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All Replies on Equipment SAFETY tips: The Planer

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View MsDebbieP's profile

Equipment SAFETY tips: The Planer

by MsDebbieP
posted 04-22-2011 02:51 PM


20 replies so far

View chrisstef's profile

chrisstef

11453 posts in 1751 days


#1 posted 04-22-2011 03:14 PM

one vote here for ear protection.

-- "there aren’t many hand tools as awe-inspiring as the #8 jointer. I mean, it just reeks of cast iron heft and hubris" - Smitty

View bubinga's profile

bubinga

861 posts in 1412 days


#2 posted 04-22-2011 03:32 PM

Pinch Points

-- E J ------- Always Keep a Firm Grip on Your Tool

View devann's profile

devann

1735 posts in 1437 days


#3 posted 04-22-2011 04:28 PM

Two goods ones above. Add remove jewelry, secure loose clothing and long hair.

-- Darrell, making more sawdust than I know what to do with

View MsDebbieP's profile

MsDebbieP

18615 posts in 2905 days


#4 posted 04-22-2011 04:37 PM

What does “pinch points” refer to?

-- ~ Debbie, Canada (https://www.facebook.com/DebbiePribeleENJOConsultant)

View Walnut_Weasel's profile

Walnut_Weasel

360 posts in 1967 days


#5 posted 04-22-2011 04:44 PM

I am guessing pinch points would refer to how it is possible to get you fingers trapped between the board and the table and/or sides of the planer as the board is being feed by the power rollers. (Wow that was one long sentence!)

I would have to also add kick back even though it is unlikely due to the safety features on most planers.

-- James - www.walnutweasel.wordpress.com

View lew's profile

lew

10152 posts in 2500 days


#6 posted 04-22-2011 04:58 PM

Stand to one side of the planer during operation in case a piece shatters and the planer ejects the broken pieces.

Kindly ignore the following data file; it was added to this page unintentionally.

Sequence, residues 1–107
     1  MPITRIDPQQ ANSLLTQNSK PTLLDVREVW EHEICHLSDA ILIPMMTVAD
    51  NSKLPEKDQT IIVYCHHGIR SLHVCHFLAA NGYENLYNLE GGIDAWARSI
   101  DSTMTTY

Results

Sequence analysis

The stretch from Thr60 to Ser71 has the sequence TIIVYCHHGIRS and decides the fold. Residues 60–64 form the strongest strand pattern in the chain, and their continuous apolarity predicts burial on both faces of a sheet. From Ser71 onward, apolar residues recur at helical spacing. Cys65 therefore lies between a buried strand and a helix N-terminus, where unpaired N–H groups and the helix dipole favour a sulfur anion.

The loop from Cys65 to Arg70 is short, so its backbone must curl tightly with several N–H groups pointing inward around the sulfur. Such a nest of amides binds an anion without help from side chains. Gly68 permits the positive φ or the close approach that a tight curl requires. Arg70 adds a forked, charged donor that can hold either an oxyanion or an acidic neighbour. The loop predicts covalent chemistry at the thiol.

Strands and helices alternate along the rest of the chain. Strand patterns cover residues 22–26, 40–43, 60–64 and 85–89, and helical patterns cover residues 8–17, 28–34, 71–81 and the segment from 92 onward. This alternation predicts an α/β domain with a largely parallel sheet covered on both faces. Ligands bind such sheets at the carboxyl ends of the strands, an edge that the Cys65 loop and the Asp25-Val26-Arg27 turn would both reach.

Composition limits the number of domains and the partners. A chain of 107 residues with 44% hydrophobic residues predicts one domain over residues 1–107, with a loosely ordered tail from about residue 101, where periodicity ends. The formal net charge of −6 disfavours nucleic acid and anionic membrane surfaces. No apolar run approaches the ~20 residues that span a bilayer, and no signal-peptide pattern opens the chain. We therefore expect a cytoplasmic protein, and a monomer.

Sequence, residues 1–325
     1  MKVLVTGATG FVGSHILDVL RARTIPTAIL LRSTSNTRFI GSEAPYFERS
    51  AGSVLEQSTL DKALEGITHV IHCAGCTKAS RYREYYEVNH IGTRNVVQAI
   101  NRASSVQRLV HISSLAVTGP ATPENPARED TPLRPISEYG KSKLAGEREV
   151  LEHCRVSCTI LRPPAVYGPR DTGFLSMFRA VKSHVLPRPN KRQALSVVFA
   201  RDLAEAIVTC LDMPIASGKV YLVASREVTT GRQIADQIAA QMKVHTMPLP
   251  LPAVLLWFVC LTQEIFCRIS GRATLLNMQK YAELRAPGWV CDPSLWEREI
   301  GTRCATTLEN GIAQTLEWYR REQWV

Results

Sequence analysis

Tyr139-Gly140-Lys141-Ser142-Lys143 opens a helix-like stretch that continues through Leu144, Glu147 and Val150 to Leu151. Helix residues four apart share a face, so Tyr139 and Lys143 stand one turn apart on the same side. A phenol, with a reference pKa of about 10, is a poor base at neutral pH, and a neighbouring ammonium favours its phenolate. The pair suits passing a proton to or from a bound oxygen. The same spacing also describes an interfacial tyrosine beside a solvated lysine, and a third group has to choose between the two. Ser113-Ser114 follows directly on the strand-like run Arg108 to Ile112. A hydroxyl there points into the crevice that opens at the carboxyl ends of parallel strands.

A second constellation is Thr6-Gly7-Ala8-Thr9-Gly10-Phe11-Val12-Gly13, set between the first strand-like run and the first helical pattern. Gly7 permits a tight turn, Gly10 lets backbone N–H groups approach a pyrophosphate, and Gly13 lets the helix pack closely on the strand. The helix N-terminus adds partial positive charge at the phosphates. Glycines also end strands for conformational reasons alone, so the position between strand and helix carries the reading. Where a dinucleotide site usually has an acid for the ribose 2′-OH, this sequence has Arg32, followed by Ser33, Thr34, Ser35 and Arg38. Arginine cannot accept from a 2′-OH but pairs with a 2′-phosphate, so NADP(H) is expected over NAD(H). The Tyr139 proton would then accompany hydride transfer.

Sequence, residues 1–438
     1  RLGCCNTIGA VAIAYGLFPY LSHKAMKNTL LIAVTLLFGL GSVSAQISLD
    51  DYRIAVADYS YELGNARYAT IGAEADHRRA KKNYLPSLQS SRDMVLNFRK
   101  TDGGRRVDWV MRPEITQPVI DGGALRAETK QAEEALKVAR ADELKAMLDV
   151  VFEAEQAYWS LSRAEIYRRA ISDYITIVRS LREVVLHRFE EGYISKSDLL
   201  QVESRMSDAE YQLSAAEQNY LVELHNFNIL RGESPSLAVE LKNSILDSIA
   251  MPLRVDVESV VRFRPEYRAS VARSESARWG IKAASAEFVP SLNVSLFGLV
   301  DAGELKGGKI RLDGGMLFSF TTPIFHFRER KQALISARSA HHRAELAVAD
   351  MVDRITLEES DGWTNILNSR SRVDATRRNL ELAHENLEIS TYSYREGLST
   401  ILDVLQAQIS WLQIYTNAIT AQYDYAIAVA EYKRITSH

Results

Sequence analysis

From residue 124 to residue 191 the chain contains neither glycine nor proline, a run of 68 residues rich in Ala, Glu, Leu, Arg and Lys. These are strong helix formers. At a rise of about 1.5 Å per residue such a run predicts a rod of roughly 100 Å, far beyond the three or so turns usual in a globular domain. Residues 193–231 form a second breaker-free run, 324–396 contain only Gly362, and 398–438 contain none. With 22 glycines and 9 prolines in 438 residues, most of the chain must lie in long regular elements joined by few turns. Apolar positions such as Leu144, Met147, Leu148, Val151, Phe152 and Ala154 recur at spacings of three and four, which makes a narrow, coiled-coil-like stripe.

-- Lew- Time traveler. Purveyor of the Universe's finest custom rolling pins.

View Dennisgrosen's profile

Dennisgrosen

10850 posts in 1860 days


#7 posted 04-22-2011 04:59 PM

use pushsticks and fetherboard

take care
Dennis

View spanky46's profile

spanky46

979 posts in 2135 days


#8 posted 04-22-2011 05:28 PM

Safety glasses!

-- spanky46 -- Never enough clamps...Never enough tools...Never enough time.

View cabmaker's profile

cabmaker

1311 posts in 1554 days


#9 posted 04-22-2011 11:05 PM

If its not a floor model make sure it is secured to bench or other. Keep outfeed path clear. Oh and do not stick body parts in the machine.

View Grumpy's profile

Grumpy

19693 posts in 2596 days


#10 posted 04-23-2011 01:51 AM

Don’t forget the ear & eye protection & push sticks to preserve the fingers

-- Grumpy - "Always look on the bright side of life"- Monty Python

View ajosephg's profile

ajosephg

1860 posts in 2306 days


#11 posted 04-23-2011 05:47 AM

Keep the floor and surrounding area not cluttered. Unlike most other shop equipment you must walk from the front to the back while it’s running. If you trip or stumble bad things could happen.

-- Joe

View patron's profile

patron

13156 posts in 2086 days


#12 posted 04-23-2011 06:02 AM

out feed boards droop
and can catch on the edge of tools or workbenches
making the planer walk up the board
and fall over backwards

or bow the board so bad it breaks
and sends splinters flying

-- david - only thru kindness can this world be whole . If we don't succeed we run the risk of failure. Dan Quayle